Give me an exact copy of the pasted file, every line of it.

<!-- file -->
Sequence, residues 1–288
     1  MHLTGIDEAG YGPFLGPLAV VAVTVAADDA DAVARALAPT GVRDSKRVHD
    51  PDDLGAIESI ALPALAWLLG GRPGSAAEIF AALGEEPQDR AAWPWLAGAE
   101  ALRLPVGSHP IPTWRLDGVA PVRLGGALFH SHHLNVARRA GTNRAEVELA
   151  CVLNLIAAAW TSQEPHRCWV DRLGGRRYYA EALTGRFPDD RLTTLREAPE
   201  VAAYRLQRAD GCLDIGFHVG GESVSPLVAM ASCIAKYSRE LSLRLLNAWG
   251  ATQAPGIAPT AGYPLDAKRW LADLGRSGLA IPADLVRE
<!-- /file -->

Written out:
Sequence, residues 1–288
     1  MHLTGIDEAG YGPFLGPLAV VAVTVAADDA DAVARALAPT GVRDSKRVHD
    51  PDDLGAIESI ALPALAWLLG GRPGSAAEIF AALGEEPQDR AAWPWLAGAE
   101  ALRLPVGSHP IPTWRLDGVA PVRLGGALFH SHHLNVARRA GTNRAEVELA
   151  CVLNLIAAAW TSQEPHRCWV DRLGGRRYYA EALTGRFPDD RLTTLREAPE
   201  VAAYRLQRAD GCLDIGFHVG GESVSPLVAM ASCIAKYSRE LSLRLLNAWG
   251  ATQAPGIAPT AGYPLDAKRW LADLGRSGLA IPADLVRE